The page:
"The reason we are saying we should not go to war now is because we think there are still other avenues to bring the country back on the path of constitutional rule."

Harar, Ethiopia: Two months in Africa's City of Saints

y Sean McLachlan (RSS feed) on Feb 28th 2011 at 9:00AM
Ethiopia, ethiopia, Harar, hararWhat makes an adventure traveler return to a place he's been before? When so many other destinations beckon, why spend two months in a town you've already seen?

Because there's so much more to see. Harar, in eastern Ethiopia between the lush central highlands and the Somali desert, can take a lifetime to understand. For a thousand years it's been a crossroads of cultures, where caravans from the Red Sea met Central African merchants, where scholars and poets have traded ideas, where a dozen languages are heard in the streets.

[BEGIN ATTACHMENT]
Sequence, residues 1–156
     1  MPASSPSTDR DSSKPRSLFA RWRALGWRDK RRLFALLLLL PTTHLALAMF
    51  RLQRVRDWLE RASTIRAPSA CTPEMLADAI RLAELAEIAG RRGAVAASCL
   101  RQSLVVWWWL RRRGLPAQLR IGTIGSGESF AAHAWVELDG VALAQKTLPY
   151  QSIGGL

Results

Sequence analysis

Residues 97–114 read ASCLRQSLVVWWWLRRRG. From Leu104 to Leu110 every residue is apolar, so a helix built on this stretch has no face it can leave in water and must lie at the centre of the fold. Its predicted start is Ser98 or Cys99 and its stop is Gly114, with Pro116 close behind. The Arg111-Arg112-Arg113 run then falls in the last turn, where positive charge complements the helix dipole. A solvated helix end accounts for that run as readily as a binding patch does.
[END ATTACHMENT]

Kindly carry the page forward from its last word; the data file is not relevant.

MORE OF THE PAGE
Harar's influence spread wide in those early days. Harari coins have been found in India and China, and a couple of my Harari friends have subtly Chinese features.

The Harari have always mixed with other tribes. Some say if you live within the medieval walls of the Jugol, the old city, and follow Harari ways, that you are one of them. Hararis have their own language spoken only by the Jugol's 20,000 residents, yet this language has created literature, poetry, and song for centuries. As Harar faces the new millennium, a dedicated group of artists and intellectuals are working to preserve and add to this heritage Read More

Libya and Ethiopia Reveal Iran’s Military Strategy